As cases of the novel coronavirus continue to increase globally, many are making cautious decisions to avoid infection, from more diligent hygienic care to event cancellation.
While at the beginning of the week Eastside cities were mostly operating “business as usual,” as of March 6, events and meetings and increasingly either getting canceled or virtually conducted.
Below is a collection of which city and community events are or aren’t being canceled and what practices cities and organizations, like local chambers of commerce, are abiding by as news of the virus evolves.
This article will be updated as more information about cancellations and precautions become available to the Reporter and Valley Record newspapers.
The city of Bothell released a statement regarding coronavirus on March 4.
“City of Bothell staff continue to work closely with King County Public Health and Snohomish Health District to monitor the COVID-19 (coronvavirus) outbreak,” the city of Bothell said in the statement. “City staff are meeting regularly to streamline communication and prepare for changing conditions here in our community. Our first responders are following a number of safety protocols including wearing appropriate protective equipment and taking extra care when entering homes and treating patients or interacting with community members. We are also doing public health outreach with our elderly and vulnerable communities.”
The Downtown Block D Open House, which was scheduled for March 10, has been canceled in Bothell. There is no confirmed new date. The March 10 city council meeting was also canceled.
As for Kenmore, city manager Rob Karlinsey on March 5 signed a local declaration of public health emergency.
The Kenmore City Hall and Hangar will remain open during regular business hours, though the permit center at City Hall will be closed March 9-13. (Permit requests can still be made online at mybuildingpermit.com)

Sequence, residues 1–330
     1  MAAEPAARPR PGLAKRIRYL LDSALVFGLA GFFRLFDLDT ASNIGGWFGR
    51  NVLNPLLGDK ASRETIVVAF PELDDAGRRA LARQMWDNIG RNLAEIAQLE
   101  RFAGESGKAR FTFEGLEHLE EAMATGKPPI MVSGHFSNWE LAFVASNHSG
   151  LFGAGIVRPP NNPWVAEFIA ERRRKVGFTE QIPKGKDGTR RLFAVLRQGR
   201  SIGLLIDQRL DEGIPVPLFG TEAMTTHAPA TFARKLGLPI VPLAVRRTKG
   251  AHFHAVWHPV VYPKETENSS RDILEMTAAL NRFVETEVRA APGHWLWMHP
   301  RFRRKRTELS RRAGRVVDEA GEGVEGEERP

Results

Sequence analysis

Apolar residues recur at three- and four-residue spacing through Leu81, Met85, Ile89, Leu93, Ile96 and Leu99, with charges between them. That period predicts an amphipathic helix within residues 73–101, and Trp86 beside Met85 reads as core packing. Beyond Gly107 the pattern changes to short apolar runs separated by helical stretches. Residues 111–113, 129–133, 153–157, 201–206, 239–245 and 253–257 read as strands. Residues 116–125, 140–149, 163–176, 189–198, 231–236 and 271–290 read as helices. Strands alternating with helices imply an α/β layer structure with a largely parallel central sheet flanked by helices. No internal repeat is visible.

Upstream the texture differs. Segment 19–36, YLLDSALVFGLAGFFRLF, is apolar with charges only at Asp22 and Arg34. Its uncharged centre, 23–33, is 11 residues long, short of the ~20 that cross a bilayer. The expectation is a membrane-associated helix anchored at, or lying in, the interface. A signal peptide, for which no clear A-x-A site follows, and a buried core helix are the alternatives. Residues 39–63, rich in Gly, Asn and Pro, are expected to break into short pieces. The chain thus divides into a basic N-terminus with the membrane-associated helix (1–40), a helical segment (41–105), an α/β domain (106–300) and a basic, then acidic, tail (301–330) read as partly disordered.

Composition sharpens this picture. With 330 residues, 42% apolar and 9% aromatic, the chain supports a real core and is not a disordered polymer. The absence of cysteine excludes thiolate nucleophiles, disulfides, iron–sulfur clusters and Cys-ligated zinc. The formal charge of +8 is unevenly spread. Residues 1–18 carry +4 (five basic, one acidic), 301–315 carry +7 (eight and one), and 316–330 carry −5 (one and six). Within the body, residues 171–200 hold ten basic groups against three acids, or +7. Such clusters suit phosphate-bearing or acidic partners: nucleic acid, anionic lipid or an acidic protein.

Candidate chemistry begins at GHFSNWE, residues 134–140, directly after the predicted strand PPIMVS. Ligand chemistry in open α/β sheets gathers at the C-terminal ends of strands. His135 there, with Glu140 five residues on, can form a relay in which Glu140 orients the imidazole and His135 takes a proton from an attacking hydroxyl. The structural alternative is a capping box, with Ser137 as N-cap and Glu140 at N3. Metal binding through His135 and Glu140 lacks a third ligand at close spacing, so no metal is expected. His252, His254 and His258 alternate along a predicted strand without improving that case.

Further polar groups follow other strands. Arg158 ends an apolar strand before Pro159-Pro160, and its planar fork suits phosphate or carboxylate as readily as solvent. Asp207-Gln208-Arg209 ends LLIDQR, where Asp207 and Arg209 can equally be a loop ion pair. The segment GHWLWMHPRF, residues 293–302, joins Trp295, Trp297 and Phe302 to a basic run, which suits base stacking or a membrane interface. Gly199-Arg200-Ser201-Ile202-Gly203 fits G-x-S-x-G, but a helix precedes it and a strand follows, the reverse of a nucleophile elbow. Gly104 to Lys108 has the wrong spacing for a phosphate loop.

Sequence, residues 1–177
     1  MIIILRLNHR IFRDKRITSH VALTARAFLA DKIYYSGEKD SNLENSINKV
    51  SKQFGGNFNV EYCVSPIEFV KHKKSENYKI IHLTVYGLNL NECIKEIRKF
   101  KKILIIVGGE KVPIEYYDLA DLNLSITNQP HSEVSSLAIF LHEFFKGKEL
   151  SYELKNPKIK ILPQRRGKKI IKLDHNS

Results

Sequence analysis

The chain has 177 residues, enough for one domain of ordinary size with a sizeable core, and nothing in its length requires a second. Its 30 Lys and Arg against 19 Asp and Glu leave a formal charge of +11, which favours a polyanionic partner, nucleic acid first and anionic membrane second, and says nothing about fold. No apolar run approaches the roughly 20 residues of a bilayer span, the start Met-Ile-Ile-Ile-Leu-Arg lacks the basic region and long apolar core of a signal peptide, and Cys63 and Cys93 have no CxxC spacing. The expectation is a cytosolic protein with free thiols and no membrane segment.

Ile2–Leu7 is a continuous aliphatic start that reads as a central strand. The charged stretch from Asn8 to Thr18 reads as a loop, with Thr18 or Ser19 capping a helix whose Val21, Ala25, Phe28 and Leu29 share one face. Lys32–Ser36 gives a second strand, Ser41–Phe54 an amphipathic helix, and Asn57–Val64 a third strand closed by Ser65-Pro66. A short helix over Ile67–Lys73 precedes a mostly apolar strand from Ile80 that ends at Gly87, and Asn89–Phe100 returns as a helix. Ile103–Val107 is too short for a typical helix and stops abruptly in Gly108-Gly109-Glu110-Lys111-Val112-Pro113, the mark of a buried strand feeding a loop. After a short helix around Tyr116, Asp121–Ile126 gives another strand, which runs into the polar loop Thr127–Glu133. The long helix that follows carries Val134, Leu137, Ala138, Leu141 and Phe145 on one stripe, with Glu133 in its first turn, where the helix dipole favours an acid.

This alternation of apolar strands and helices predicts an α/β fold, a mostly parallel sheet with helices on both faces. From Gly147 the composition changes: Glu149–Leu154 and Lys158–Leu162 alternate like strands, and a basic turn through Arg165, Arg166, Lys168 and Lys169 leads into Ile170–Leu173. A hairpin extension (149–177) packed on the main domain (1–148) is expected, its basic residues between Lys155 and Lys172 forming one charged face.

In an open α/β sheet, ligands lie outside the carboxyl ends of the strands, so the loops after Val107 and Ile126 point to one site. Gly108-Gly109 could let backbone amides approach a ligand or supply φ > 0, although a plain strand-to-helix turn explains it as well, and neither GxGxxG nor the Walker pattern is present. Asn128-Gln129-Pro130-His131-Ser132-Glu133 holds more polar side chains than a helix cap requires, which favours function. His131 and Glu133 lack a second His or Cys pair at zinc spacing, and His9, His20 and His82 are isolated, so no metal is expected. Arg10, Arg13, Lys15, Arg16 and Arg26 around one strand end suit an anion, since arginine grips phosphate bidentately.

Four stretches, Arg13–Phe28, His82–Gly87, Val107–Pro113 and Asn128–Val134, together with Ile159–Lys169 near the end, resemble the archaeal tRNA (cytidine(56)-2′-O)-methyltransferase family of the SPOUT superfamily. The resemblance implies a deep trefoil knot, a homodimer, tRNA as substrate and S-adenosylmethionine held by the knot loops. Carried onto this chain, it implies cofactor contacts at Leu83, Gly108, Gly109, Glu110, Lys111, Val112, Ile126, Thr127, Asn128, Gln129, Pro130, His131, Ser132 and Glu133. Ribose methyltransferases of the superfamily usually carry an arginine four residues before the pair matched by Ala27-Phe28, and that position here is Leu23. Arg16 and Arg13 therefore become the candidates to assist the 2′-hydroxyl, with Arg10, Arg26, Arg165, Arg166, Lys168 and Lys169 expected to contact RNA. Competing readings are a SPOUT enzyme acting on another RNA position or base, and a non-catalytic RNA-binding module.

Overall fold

The Kenmore City Hall’s King County Vote Center will also remain open until March 10.
Until further notice, the Kenmore Senior Center will remain closed.
The city is canceling large events, public meetings and group reservations through the end of March, according to a press release.
These include, according to the release, City Hall group reservations and classes, Hangar group reservations, the March 9 city council meeting, the March 10 financial sustainability task force meeting (which will now be held online) and the March 11 State of the City address at Inglewood Golf Course. The March 16 meeting city council meeting is still going to happen, according to the release.
“As the situation evolves, including whether we have adequate staffing to maintain city operations, the steps to help contain the virus and keep the public and city staff safe may change based on new Public Health recommendations,” the city of Kenmore said in a press release. “In addition, we will continue to assess the need to activate our Emergency Operations Center and determine appropriate staffing if needed.”
“We are monitoring the situation closely, and we are having discussions every day,” Elizabeth Tackett from the Bothell-Kenmore Chamber of Commerce said, adding, “We want to do what’s best for everyone.”
In March 6 announcement, the chamber acknowledged the March 11 State of the City cancellation and noted that it was being moved to May 13. Tickets will be transferred and refunds are available if requested. The March General Meeting has been canceled; the next one will be April 23.